At the hearing before the local issuing authority on the present application, the evidence presented for and against the granting of the transfer was in large measure similar to that presented on the previous applications. The three commissioners personally inspected the area. They expressed concern over the lack of present parking facilities and received assurance that such facilities would be provided. One of the commissioners then stated: 'We are concerned with the condition of the neighborhood as we found it during our inspection. I think the area would be improved if Mr. Hutchins were to conduct a high class type of tavern and restaurant.' This commissioner then offered the resolution granting the application conditioned upon the completion of the proposed alterations of the premises. Another commissioner then stated: 'I will not second the motion for approval. This neighborhood does not require another tavern. I would suggest that he put a restaurant in there first if that is what he wants to run. That neighborhood can't support a high class restaurant * * *.' The resolution was then adopted by a two-to-one vote."
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Then the opinion states the respects in which the Hearer found the evidence to be different from that before the Director when the 1954 opinion was written:
"At the present hearing on appeal, the location of the liquor licenses in the area was indicated in a sketch. It appears that the nearest tavern to the proposed location is distant 1040 feet, with other taverns being at greater distance and that there are three package store licenses distant 100, 300 and 1000 feet, respectively, from such location. Evidence has been presented by a person familiar with the neighborhood that, from casual observation, there has been, since 1954, a larger percentage of persons of applicant's race residing in the area. The applicant caused an investigation to be made which he maintains discloses that school children are a minor problem so far as relates to the location of his tavern at the premises."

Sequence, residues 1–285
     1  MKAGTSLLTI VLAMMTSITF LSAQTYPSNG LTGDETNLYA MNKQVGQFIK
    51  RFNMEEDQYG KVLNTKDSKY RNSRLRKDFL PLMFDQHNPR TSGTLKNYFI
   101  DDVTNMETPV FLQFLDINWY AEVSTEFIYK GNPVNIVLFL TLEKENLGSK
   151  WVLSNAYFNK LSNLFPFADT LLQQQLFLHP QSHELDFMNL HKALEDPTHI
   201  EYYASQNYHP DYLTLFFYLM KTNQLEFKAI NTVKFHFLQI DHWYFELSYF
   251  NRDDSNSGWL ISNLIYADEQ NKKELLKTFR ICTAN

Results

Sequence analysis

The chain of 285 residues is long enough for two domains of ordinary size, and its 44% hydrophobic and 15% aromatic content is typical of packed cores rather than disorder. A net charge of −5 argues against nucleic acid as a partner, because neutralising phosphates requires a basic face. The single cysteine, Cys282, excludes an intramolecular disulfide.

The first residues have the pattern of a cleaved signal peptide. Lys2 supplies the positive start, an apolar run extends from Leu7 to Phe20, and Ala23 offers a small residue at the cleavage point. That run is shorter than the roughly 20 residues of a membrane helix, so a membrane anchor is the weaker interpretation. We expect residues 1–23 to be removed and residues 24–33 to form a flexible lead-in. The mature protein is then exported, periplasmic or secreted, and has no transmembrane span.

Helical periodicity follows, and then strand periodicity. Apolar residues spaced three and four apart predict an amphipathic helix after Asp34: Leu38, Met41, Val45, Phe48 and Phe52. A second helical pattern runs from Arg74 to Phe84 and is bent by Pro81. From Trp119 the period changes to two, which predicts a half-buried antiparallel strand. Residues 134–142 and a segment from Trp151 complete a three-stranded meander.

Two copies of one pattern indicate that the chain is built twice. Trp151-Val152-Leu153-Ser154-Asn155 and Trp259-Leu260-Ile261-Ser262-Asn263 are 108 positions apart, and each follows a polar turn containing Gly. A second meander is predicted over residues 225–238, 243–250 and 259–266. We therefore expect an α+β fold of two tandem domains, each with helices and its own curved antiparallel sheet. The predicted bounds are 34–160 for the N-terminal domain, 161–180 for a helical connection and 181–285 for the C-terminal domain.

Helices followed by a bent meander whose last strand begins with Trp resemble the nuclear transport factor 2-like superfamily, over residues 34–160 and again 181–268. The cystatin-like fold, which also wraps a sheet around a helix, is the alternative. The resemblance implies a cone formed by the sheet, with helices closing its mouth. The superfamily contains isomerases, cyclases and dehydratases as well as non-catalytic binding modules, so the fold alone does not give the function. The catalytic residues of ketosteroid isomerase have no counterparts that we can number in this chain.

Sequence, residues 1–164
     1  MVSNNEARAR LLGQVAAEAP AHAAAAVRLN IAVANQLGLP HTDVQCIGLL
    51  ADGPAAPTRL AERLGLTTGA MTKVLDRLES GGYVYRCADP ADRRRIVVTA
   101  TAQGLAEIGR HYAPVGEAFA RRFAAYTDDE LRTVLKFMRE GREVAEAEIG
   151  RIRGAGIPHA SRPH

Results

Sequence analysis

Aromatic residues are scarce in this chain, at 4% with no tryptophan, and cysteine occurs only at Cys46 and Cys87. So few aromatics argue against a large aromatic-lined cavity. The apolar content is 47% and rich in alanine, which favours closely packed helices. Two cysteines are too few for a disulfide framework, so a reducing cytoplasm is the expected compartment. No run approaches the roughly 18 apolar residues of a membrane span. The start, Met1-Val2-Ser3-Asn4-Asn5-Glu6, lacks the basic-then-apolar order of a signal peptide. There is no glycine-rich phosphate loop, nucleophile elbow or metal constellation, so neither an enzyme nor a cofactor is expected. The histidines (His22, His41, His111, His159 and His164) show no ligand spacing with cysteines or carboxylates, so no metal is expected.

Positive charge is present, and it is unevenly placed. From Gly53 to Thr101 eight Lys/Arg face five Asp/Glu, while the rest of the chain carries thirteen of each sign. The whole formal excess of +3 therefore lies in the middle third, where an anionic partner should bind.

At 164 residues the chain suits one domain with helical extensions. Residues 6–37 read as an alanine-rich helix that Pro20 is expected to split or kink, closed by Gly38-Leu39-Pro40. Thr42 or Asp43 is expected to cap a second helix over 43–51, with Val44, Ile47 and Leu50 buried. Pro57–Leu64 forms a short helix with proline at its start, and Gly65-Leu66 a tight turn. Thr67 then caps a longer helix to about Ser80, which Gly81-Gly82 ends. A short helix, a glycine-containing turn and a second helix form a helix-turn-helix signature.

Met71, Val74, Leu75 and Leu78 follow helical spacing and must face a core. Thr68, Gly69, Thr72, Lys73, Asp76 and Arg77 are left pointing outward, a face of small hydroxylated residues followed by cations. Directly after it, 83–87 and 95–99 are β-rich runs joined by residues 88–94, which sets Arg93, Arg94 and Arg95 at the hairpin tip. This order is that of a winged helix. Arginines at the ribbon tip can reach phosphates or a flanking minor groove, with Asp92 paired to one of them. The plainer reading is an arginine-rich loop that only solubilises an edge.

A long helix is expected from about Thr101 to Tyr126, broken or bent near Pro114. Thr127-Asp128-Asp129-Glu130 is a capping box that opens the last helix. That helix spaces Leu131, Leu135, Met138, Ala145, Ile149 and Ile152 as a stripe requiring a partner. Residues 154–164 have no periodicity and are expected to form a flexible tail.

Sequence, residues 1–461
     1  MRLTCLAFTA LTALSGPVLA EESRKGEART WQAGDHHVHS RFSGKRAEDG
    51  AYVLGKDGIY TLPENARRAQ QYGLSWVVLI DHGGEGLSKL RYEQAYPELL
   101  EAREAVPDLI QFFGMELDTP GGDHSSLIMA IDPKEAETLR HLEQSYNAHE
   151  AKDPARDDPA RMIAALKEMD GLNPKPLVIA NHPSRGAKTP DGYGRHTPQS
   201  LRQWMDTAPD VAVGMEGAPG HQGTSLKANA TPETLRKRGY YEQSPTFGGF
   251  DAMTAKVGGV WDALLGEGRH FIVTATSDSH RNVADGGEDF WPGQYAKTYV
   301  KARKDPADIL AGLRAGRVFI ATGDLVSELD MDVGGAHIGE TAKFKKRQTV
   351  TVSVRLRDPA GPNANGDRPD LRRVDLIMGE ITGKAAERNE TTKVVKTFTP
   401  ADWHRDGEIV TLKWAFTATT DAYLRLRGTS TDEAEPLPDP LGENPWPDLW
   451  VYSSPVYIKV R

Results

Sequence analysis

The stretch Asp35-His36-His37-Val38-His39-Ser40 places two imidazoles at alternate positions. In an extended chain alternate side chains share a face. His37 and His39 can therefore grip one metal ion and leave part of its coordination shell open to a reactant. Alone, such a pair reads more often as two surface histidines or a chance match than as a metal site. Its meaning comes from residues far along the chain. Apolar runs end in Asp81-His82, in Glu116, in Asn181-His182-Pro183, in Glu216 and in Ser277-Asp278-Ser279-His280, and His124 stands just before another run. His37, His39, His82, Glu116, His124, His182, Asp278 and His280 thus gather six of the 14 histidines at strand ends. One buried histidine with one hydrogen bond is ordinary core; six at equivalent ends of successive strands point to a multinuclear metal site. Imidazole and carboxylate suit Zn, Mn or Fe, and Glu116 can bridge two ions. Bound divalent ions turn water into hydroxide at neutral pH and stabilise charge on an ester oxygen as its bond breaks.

The opinion then decided the question of res judicata as follows:
"It is interesting to note that in Auerbach v. Newark et als. Bulletin 1178, Item 1, it appears that a previous application for transfer of a 'C' license to the area was denied by the local issuing authority and such denial affirmed on appeal by the Director on the ground that such location was too close to a school and a public housing project and there was a considerable number of liquor outlets available in the vicinity to supply the needs of the neighborhood; and that the Director came to a similar conclusion on application to transfer a state beverage distributor's license to the area (although later such application was granted). On this basis, the Hearer in the Auerbach case, when considering the appeal from the grant of a transfer of a 'C' license to such area, reported that there had been no change for the better either in increase of residents in the area or improvements in business establishments; that the transfer of the license was objected to by various licensees and residents of the area on grounds similar to like objections to the two other applications above referred to; and that the record disclosed that the local and state issuing authorities had consistently held that there was no need or necessity for another liquor license in the area in question.
Accordingly, despite the fact that the members of the respondent Board had not held office at the time the other applications were considered, the Hearer stated that, since there was no room for latitude of opinion, it was arbitrary or unreasonable for members of the successor issuing authority to arrive at a conclusion contrary to that from the evidence before them and, hence, recommended
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reversal of the transfer, citing the Hutchins case reported in Bulletin 1022, Item 4.
The Director did not accept the Hearer's Report, being of the opinion that the previous expressions of the opinion by the licensing authorities that there was no need for an additional license in the area was not of such conclusive nature as to foreclose or preclude the present successor Board from exercising its independent discretionary authority to determine whether it is advisable to locate a 'D' license in the area where there were five 'C' licenses; that the previous denial of transfer of a 'C' license to the area was not an overwhelming or repeated official attitude on the subject sufficient to deprive the successor Board of the authority to formulate its own conclusions whether or not to grant the transfer. The Director affirmed the grant of the transfer.